Audyssey brings audio to life. We find the science of sound awe-inspiring. It’s why we started the company.
So here’s some cool sound news out of the School of Earth and Atmospheric Sciences at Georgia Tech. An Associate Professor, Zhihang Peng, has given voice to the earth itself. He started with the data collected from last year’s devastating earthquake off the coast of Japan and converted it into sound files.
Sensors along the fault lines recorded the shifts and vibrations in Earth’s tectonic plates. Peng converted the intensities of those movements into corresponding volumes and, when sped up to 100x the original events, the result was amazing. The recordings reveal a large, thunder-like rumble representing the initial 9.0 jolt followed by a series of swells that represent the aftershocks.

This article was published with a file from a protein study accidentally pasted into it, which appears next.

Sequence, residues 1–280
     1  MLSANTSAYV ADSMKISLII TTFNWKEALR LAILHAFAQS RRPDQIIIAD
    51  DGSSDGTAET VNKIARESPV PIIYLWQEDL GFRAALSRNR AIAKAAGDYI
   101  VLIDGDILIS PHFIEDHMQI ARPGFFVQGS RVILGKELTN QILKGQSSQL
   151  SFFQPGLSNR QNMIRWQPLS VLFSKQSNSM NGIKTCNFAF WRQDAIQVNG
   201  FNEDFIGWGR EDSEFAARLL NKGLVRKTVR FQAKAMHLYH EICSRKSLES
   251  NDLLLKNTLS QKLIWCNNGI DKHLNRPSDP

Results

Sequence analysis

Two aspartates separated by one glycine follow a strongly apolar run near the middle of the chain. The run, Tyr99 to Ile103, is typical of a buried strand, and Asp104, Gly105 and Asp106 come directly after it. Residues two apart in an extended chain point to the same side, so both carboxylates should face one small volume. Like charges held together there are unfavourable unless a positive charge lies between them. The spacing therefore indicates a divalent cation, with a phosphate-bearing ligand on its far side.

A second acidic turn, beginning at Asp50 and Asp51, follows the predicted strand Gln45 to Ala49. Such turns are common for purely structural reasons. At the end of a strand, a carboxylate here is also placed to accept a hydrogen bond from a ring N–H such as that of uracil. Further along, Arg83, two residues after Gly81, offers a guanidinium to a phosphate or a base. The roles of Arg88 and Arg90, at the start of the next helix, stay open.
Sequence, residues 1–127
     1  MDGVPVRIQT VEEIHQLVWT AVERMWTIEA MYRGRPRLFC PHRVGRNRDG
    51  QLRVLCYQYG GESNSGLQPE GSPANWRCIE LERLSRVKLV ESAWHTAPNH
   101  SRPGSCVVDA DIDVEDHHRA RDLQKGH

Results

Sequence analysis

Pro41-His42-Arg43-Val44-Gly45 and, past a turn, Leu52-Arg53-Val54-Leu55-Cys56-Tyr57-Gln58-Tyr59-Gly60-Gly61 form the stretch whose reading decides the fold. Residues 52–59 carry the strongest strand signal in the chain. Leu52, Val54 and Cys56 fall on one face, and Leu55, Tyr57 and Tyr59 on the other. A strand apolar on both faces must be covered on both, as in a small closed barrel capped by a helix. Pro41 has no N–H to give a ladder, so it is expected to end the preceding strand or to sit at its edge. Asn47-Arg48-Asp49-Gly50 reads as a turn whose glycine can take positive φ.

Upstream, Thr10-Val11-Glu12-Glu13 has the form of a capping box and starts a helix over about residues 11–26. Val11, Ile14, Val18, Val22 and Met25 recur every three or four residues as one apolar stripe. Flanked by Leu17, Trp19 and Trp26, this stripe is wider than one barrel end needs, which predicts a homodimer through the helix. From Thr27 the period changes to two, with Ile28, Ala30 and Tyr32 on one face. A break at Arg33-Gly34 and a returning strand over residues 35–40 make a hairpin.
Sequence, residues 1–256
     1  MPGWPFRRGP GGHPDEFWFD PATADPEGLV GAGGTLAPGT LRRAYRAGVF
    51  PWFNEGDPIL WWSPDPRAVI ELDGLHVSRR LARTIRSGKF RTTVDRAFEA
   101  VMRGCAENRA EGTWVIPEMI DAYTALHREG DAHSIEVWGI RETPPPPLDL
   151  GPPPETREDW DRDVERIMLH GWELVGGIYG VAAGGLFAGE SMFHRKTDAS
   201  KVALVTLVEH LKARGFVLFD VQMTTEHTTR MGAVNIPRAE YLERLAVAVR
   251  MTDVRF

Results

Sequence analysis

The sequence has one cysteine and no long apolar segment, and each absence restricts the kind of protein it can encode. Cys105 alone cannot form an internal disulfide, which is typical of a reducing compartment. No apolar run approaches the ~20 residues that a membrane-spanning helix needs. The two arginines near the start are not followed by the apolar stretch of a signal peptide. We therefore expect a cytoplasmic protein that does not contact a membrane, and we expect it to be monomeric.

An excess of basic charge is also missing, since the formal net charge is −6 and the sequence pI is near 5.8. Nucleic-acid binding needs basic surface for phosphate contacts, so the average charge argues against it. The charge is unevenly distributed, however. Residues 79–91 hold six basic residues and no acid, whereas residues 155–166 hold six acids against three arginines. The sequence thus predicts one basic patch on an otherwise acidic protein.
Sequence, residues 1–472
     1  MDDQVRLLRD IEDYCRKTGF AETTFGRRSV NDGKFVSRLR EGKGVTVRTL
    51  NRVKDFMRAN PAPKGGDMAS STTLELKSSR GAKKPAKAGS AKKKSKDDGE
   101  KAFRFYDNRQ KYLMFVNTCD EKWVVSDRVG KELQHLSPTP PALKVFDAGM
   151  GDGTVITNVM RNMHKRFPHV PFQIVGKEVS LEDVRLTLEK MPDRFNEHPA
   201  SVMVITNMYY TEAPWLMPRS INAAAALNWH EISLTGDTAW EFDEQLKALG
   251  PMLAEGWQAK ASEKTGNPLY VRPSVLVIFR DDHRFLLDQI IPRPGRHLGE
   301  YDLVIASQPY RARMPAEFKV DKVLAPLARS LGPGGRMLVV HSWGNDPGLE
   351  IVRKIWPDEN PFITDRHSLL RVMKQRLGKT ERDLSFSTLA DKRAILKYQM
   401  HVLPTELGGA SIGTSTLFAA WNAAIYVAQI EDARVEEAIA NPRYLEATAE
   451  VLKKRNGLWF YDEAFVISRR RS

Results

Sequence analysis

A year after the tragedy, the work of Peng is an eerie reminder of the powerful science of the world we live in. It’s also a wonderful demonstration of how science and sound can provide further understanding of that world.
In the twelve months since the earthquake and ensuing tsunami, we at Audyssey have seen our business partners and the people of Japan rebound and rebuild. Undoubtedly the most awe-inspiring part of this historic event has been the continued speed and strength of their recovery.
Read how you can help the recovery here. Listen to the earthquake here.